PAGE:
Optimizing Glute Training: An Ideal Training Frequency?

Whether you train competitors, athletes, or gym goers, you’re sure to be asked the best way to develop good glutes. Is there an “ideal training approach” for glute development?

Glutes are where it’s at. And, let’s face it, they’re more than just a passing fad. Whatever kind of client you train, they are likely to want better glutes. Glutes look good, they generate power, they support back health, and they assist in a whole host of other movements and sports.

If you’re a Personal Trainer or Strength Coach then you need to know how to program and coach for glute development. At times like this, your basic Personal Trainer Certification material falls short. You need specialized courses and extra education.

For the purposes of this article, let’s talk about optimal frequency for glute training (this is for you if you have clients who want hypertrophy gains for glute development). A lot of the information in this article is taken from our DTS Hypertrophy Fundamentals course, so check that out if you need to develop your knowledge in this area.

Clients Want Nicer Butts!

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Whether your clients need to look better for physique competitions, to generate more force for powerlifting, or to work on reducing low back pain, good glute training is essential to success. And that’s where you come in. It’s your responsibility to program the optimal exercise selection, load, and frequency so your client sees results without over training or injury.

DTS Hypertrophy Fundamentals goes into lots of detail on specific training protocols for optimal hypertrophy workouts (and nutrition).

When training for muscle growth, it’s important to remember that body-part specific training is dose dependant.

Dose-Dependant Glute Training

This is important for getting results from glute training. If your client want a nicer butt, you will need to make sure they do the correct amount of sets and reps per week based on their ability and recovery capabilities. High frequency training is great, until you overdo it. So make sure the total volume of glute work across a week is specific to the client.

General Adaptation Syndrome and Stimulus Recovery Adaptation

General Adaptation Syndrome (GAS) and Stimulus Recovery Adaptation (SRA) are the same thing. Students who have taken our DTS Hypertrophy Fundamentals course know how to use GAS plus the Specific Adaptations to Imposed Demands (SAID) principles.

In order to design and deliver optimal glute training, you need to have an idea of how long the specific client needs to recover. A beginner client with poor lactic acid tolerance and intense Delayed Onset Muscle Soreness (DOMS), can’t train glutes for 5-6 sets 3 times a week. But if you have an athlete with excellent recovery abilities, they might have no problem adapting to that frequency.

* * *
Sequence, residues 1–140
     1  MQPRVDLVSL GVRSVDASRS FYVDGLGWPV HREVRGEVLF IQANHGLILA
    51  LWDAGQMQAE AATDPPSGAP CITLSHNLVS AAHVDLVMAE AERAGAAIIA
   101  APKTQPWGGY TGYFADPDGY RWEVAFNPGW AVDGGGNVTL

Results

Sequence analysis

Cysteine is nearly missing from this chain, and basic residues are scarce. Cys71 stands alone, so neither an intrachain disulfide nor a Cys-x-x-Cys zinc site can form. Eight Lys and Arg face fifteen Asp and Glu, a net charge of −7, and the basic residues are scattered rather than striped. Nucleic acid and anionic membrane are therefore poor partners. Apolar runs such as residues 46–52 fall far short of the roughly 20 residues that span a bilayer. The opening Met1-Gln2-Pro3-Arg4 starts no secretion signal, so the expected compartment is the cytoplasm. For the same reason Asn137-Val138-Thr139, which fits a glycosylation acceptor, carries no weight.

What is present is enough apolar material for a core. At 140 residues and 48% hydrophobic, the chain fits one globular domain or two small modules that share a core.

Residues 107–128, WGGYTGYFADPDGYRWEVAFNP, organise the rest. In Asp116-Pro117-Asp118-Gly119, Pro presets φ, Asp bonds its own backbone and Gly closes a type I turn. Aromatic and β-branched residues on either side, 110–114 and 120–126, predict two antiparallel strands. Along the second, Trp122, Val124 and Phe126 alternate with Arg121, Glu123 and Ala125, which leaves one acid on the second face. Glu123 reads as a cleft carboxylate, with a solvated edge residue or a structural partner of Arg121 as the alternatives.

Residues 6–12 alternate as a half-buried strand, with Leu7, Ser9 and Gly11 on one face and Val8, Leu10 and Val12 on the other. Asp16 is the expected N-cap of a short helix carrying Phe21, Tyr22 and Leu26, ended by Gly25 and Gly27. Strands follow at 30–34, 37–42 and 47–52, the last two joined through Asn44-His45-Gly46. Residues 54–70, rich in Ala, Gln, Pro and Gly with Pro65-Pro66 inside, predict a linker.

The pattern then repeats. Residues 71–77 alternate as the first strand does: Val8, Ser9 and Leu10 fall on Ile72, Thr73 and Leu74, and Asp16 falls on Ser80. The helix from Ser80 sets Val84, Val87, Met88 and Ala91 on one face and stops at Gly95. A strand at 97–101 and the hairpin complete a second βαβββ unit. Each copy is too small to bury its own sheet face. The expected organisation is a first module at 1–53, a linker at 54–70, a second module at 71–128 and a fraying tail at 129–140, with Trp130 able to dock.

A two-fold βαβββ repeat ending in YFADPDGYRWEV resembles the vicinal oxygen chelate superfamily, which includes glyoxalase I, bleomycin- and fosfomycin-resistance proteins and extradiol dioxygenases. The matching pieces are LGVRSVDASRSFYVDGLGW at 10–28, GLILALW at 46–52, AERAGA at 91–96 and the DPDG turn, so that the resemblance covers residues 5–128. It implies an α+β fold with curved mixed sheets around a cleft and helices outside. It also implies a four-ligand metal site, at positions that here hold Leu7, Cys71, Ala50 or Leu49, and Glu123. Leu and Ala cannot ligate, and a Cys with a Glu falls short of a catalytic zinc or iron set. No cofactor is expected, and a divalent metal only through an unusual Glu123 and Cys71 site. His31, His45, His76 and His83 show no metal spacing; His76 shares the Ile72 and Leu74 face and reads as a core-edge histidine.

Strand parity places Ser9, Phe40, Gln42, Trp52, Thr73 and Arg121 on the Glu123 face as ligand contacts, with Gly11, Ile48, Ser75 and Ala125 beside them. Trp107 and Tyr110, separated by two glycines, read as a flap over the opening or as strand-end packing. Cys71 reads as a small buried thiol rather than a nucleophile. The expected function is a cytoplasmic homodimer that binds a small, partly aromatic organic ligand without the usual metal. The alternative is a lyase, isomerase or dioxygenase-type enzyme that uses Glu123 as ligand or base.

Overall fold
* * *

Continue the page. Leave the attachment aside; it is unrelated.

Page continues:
Recovery and Muscle Growth

Remember that Muscle Protein Synthesis (MPS) increases during recovery and adaptation. Research tells us that MPS stays elevated for up to 4 days after stimulation (Damas et al., 2016; Miller et al., 2005). How many days exactly depends on multiple factors. If your client can’t adapt to the training frequency, they won’t see optimal muscle growth . And that’s frustrating for them (they feel like they’re working overtime for a nice booty, but not getting anywhere). More is better… until it’s not. It’s your job to work out where the tipping point is for each client.

Take a look at this chart to see if your clients are training based on the GAS and SAID principles.

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If this information is new to you, don’t panic - help is at hand. DTS Hypertrophy Fundamentals is designed to teach the physiological principles of muscle growth. Training for Hypertrophy is not a “one-size fits all.” The DTS Hypertrophy Fundamentals course goes in depth explaining the science behind muscle growth and the different avenues you can take to get there. Get ready to learn everything you need to know about optimizing hypertrophy for your clients (and for yourself!)

Andrew Meyer

Andrew Meyer

Andrew's been in the industry for over 13 years and put himself through University, working as a PT. He was a varsity athlete and regularly competed in both Powerlifting & Bodybuilding.

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